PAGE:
Chinese Culture 101 | Part 3 – Society

This post is part of a series exploring Chinese culture. See the links at the bottom of this page for more.

China is made up of 56 distinct ethnic groups with Han Chinese making up the vast majority (92%) of its 1.3 billion population. Customs and traditions vary greatly between towns, cities and provinces making it hard to provide a comprehensive summary.


Photo by emilienchen

Though China is officially an atheist country its religious roots lie within Confucianism, Buddhism and Taoism, and from these most social and moral values are derived. Organised religion is strictly controlled by the government however there are a growing number of Christian groups who worship in unregistered house churches. There are also a significant number of Chinese Muslims who arrived via the Silk Road trade route beginning in 650 AD and still retain their own distinct culture.


The family has traditionally been the basic unit of Chinese society and whilst the dynamics and structure have changed significantly in recent history there still remains a strong emphasis on strong family ties. With both parents usually expected to work, grandparents often take care of the upbringing of their grandchildren and in turn, their children take care of them in old age. In both work and family life, people are supposed to show deference to their elders and superiors which comes from the Confucian virtues of “filial piety” and “loyalty” (to the emperor).

758 miles since
Photo by lille abe

Most married couples in China are subject to the controversial One-child Policy which was introduced in 1979 to curb massive population growth. It is believed to have prevented more than 300 million births since then and whilst the policy has been implicated in an increase in forced abortions and female infanticide it still has wide support. Having more than one child is punished through large fines and the withdrawal of state benefits (civil servants may lose their job also).

As older generations experienced much hardship during the Cultural Revolution their primary concern has been to create a stable future and to this end, children are expected to work hard and find stable jobs so that they may be supported in the future. Anything which deviates from the norm is generally frowned upon.

School kids at the Summer Palace
Photo by krsalis

For only children, under immense pressure to excel within their education and extreme pampering from their family, another consequence of the policy has been the emergence of so-called “little emperors” who have had their social and emotional growth stunted by this upbringing. A generation of self-centred consumers has developed, often quite at odds with realities of life outside their immediate sphere of existence.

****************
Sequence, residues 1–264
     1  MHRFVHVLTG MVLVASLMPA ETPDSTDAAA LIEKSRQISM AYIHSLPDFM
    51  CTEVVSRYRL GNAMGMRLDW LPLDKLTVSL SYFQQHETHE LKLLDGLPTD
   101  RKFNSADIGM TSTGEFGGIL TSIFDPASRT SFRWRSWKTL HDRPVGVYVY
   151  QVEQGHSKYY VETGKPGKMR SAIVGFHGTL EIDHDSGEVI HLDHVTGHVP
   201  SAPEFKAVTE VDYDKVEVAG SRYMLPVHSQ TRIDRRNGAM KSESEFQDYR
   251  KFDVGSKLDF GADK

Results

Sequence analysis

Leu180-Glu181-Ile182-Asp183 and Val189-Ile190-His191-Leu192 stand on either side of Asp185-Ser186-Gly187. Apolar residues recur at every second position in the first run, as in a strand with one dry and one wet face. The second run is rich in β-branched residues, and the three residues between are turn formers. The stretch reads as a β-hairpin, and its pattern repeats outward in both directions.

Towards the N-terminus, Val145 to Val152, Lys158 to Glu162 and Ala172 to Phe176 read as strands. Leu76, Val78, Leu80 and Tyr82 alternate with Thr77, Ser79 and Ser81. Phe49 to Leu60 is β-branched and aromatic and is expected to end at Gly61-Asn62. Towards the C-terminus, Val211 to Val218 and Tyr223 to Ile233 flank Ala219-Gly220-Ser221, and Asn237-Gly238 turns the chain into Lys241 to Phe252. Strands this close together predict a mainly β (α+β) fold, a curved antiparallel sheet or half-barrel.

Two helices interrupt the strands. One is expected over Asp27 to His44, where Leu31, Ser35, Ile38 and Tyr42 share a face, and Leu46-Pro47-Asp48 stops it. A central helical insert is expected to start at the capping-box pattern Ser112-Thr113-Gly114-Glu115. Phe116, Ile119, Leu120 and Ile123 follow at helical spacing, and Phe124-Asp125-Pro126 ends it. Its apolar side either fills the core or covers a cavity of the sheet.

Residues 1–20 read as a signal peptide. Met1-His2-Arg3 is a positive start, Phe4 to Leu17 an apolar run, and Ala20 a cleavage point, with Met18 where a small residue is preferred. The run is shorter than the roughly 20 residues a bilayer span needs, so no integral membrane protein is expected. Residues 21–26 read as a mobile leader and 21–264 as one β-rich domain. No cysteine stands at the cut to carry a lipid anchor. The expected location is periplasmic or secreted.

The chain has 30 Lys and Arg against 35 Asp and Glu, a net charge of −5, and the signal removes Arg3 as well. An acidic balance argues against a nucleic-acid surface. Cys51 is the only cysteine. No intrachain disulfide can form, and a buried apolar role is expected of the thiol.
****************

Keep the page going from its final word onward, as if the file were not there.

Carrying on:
Due to the propensity for preferring sons over daughters (as traditional breadwinners, especially in rural areas) China is facing a large population imbalance with currently around 120 boys born for every 100 girls. By 2020 there will be 30 million more men than women which could potentially lead to social instability.


Illustration by Guy Billout

The Chinese government, under Hu Jintao‘s premiership, has placed much stress on the need to create a “harmonious society” which is a concept that aims for a “basically well-off” middle-class oriented society. However, the slogan has been misappropriated as internet slang to stand for censorship – to say “my website has been harmonized” is to say “my website has been censored”. Critics say that the concept is a facade behind which CCP restrains freedom to ensure that no one is able to challenge or displace them from their monopolistic rule. Many popular websites such as YouTube, Flickr, Twitter, Wikipedia and Blogspot are regularly blocked without warning during sensitive periods.

Next time we focus on education in China and how the emphasis on exams affects people’s thinking.

If you have any experiences you’d like to share or think I’ve got something wrong please feel free to leave a comment below.

Other posts in this series:

  1. History
  2. Language
  3. Society (this post)
  4. Education
  5. Food / Dining
  6. Core Concepts
  7. Key Differences
  8. 10 Practical Tips
David avatar

2 responses

  1. For some reason, the kids in uniform look more Japanese to me.

    1. It’s possible. Someone else thought perhaps they’re from Hong Kong. I think they’re probably just children of well off families. Good little emperors 😉


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